Ready for New York, but Not for Review 

Should a play that's just weeks away from opening in New York be off-limits to Chicago critics?

What do playwrights (and their producers) want from the press? Feature stories! And lots of them. What they definitely don't want are reviews of any play they haven't declared totally finished. Never mind if the script has already traveled the workshop road and is getting a full production with sets, costumes, professional actors, and ticket sales to the public--if it has the word developmental attached to it, it's verboten. Dramatists Guild president (and Sondheim collaborator) John Weidman, in town for "Hold the Press," a forum hosted by the Theatre Building last week, put it this way: "Work in development never should be reviewed. The longer the critics can be kept away, the better."

The panel--part of Stages 2007, the Theatre Building's annual festival of new musicals--was a response to the tempest that blew up over Hedy Weiss's capsule reviews of the festival for the Sun-Times last year. Weiss, admitting up front that she caught mostly just first acts, wrote that the shows were so inferior they made her fear for the future of the genre. She'd been invited to the festival, had reviewed it in the past, and had not been expressly told that she was not to review this time. In fact, as she noted in her own defense later, one of her earlier (more positive) reviews had been cited by the festival in a grant proposal. But the Dramatists Guild, which apparently didn't have all the facts, rushed into attack mode. Weidman issued a statement calling Weiss's column a "shocking and irresponsible betrayal" and a "debacle" that could tarnish Chicago's future as a theater hub. This set off a letter-writing campaign that turned into a virulent national castigation. Everyone came out muddied, but that didn't end the discussion.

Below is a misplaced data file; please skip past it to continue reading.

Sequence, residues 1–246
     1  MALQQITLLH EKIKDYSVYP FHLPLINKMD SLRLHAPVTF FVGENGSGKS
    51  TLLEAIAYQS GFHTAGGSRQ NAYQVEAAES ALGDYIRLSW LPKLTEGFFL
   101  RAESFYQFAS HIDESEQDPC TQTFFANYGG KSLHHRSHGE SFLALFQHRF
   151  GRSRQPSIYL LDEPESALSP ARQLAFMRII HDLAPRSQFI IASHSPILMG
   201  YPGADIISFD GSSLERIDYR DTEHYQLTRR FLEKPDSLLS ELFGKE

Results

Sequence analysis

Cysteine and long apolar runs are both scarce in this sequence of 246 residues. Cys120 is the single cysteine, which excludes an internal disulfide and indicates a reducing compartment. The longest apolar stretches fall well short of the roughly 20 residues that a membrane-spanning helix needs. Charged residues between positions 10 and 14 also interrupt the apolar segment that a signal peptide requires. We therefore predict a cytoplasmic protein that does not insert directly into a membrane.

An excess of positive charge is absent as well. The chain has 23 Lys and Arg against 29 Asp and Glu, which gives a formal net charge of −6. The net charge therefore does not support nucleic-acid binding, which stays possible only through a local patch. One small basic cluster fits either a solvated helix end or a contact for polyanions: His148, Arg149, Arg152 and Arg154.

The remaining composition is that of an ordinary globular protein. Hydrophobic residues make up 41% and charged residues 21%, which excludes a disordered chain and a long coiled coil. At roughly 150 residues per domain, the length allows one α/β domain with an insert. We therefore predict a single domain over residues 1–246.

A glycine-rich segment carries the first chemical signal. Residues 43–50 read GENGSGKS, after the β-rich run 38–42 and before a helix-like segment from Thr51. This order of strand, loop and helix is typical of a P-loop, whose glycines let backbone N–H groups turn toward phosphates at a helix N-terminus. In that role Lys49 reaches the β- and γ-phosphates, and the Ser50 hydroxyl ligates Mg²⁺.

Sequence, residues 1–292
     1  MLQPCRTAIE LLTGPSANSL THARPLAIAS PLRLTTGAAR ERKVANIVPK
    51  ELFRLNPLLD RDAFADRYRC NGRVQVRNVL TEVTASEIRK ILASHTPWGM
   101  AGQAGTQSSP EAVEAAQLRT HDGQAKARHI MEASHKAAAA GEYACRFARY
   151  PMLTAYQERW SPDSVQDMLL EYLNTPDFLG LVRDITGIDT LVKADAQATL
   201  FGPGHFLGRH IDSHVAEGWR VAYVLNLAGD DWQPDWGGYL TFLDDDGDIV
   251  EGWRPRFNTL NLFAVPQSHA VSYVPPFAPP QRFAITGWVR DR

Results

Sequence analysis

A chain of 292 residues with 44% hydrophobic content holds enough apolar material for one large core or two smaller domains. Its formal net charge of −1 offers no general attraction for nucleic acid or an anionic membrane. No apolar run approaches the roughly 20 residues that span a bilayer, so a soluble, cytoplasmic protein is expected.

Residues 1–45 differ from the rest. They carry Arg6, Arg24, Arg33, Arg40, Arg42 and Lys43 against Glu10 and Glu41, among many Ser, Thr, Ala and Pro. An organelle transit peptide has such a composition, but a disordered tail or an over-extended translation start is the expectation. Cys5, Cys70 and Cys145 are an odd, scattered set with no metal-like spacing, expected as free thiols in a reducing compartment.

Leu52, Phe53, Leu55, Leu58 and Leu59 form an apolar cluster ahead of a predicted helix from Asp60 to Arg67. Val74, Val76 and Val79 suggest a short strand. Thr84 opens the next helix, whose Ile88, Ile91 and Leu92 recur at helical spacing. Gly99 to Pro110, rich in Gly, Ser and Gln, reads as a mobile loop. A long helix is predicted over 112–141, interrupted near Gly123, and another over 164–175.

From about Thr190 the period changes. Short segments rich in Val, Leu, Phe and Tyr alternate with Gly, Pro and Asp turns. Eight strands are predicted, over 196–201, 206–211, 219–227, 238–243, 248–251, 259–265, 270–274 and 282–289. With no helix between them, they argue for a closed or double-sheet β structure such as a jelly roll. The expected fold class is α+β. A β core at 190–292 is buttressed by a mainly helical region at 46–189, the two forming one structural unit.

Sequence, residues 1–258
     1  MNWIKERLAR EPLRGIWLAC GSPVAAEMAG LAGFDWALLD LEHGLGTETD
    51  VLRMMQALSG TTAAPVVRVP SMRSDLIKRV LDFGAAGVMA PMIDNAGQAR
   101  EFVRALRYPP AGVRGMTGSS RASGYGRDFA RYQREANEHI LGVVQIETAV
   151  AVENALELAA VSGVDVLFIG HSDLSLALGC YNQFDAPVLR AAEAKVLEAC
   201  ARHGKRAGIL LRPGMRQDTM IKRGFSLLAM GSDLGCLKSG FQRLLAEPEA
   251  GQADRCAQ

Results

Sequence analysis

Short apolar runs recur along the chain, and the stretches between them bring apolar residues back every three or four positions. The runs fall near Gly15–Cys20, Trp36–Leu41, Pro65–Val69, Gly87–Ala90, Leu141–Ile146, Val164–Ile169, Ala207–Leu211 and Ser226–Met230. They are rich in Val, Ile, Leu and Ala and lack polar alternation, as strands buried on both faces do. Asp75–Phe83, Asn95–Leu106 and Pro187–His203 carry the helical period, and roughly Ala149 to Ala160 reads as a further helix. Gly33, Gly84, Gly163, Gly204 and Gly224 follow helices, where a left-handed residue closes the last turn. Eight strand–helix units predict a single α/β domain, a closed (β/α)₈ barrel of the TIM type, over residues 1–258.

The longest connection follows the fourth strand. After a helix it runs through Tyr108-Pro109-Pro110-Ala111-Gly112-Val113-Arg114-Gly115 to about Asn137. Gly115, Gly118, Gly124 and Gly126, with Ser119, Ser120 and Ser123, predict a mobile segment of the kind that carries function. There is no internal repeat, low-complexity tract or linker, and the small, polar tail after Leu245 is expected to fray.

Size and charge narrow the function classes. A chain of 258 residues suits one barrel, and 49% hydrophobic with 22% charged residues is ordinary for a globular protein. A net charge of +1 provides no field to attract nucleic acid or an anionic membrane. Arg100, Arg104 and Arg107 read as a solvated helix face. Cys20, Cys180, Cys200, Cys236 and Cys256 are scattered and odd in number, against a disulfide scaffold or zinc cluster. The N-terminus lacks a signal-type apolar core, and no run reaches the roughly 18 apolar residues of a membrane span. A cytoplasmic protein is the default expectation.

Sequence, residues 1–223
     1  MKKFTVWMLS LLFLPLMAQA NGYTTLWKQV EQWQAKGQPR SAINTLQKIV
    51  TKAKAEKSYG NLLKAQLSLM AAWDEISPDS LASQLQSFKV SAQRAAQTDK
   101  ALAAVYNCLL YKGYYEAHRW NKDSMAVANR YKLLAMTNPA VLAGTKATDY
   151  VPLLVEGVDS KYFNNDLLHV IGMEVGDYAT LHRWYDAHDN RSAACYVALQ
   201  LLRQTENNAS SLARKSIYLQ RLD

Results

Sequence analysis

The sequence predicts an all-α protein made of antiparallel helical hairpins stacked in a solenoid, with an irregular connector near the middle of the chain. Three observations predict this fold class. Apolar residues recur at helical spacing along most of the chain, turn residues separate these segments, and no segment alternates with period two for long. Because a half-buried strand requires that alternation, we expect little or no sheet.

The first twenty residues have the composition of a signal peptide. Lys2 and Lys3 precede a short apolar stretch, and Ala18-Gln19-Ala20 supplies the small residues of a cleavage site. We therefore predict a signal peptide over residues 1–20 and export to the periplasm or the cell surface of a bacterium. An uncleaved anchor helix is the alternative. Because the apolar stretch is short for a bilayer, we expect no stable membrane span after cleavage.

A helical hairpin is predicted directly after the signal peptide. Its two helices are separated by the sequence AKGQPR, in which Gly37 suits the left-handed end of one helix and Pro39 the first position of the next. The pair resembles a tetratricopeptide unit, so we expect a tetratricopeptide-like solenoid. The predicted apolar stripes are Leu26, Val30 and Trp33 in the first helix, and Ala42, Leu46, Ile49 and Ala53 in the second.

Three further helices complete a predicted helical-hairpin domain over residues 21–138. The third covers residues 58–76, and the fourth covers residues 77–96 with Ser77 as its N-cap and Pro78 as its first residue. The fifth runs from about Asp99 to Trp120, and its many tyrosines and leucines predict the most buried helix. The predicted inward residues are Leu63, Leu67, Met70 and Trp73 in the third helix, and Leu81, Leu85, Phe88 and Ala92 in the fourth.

On Steppenwolf's blog a year ago, the company's director of new play development, Edward Sobel, chewed over this "critical conundrum." He wrote that his own innovative festival--the First Look Repertory of New Work, which presents three "developmental" but fully produced plays in Steppenwolf's Merle Reskin Garage Theatre--is "much more equivalent to a preview process than the run of a play." Sobel also noted that "it is (or used to be) considered a breach of etiquette for critics to review a production during the preview process." First Look, now in its third year, had been reviewed in the past, but when this year's schedule went out in May, critics got a "look but don't touch" invitation. That didn't sit well with the Tribune's Chris Jones. The attempt to exercise such tight control over the press struck him as an insult to Chicago's critics and "no different from the Bush administration." He was uneasy about it, but he says he agreed not to review the shows out of respect for Steppenwolf.

But then, trolling Playbill's Web site in July, Jones noticed an announcement that stopped him in his tracks: one of the productions he'd agreed not to review, Laura Eason's When the Messenger Is Hot (based on a short-story collection by local author Elizabeth Crane), was slated to open the first week in October at New York's 59E59 Theaters complex. "Steppenwolf was producing that show in New York, a month or so after it closed in Chicago, with the same actors, the same production," he says. "When they asked me not to review it, they hadn't told me that. I found that disingenuous."

Jones says he called Steppenwolf and said, "Wait a minute, you have enough confidence in this play to produce it in New York? In a production that will be reviewed in New York? But you don't want reviews here? That's bullshit. That's not treating Chicago appropriately." Faced with what he saw as "an out-of-town tryout for an off-Broadway production," Jones says, he felt he had to review. "I'm not doing my job if I allow the New York critics to weigh in on a play by this iconic Chicago theater, and somehow we've ignored it."